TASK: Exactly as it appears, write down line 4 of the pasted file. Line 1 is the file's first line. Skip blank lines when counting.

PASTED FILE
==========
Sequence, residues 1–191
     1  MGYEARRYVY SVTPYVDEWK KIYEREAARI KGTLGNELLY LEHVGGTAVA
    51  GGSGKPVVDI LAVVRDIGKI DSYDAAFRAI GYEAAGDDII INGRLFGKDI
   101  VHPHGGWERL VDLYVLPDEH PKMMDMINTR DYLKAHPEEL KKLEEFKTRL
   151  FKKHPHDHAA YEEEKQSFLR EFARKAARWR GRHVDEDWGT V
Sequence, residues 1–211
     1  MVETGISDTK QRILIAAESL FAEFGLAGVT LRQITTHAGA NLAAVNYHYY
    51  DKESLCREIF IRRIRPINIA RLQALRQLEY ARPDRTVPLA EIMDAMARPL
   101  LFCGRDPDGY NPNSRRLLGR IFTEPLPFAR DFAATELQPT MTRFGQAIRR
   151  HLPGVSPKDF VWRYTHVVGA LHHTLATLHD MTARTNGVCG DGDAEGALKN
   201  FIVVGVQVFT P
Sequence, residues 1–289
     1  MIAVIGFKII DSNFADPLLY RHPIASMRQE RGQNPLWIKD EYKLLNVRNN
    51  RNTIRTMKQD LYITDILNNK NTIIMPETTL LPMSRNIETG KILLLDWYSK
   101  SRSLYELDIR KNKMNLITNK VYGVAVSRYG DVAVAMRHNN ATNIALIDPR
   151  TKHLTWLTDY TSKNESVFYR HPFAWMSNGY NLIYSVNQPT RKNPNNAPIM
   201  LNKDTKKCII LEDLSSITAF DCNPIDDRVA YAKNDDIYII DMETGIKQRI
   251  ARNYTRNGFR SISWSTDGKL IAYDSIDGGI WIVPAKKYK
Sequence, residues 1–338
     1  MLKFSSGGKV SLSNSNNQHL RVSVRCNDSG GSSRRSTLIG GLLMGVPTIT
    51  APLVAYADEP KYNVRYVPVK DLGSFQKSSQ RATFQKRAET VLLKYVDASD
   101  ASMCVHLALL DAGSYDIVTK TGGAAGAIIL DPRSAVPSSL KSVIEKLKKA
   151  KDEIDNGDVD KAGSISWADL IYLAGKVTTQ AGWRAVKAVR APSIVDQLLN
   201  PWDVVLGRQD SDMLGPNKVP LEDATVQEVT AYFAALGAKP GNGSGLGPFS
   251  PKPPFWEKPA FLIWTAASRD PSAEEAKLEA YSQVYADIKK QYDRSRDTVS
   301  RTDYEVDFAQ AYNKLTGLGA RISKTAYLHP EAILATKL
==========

   101  VHPHGGWERL VDLYVLPDEH PKMMDMINTR DYLKAHPEEL KKLEEFKTRL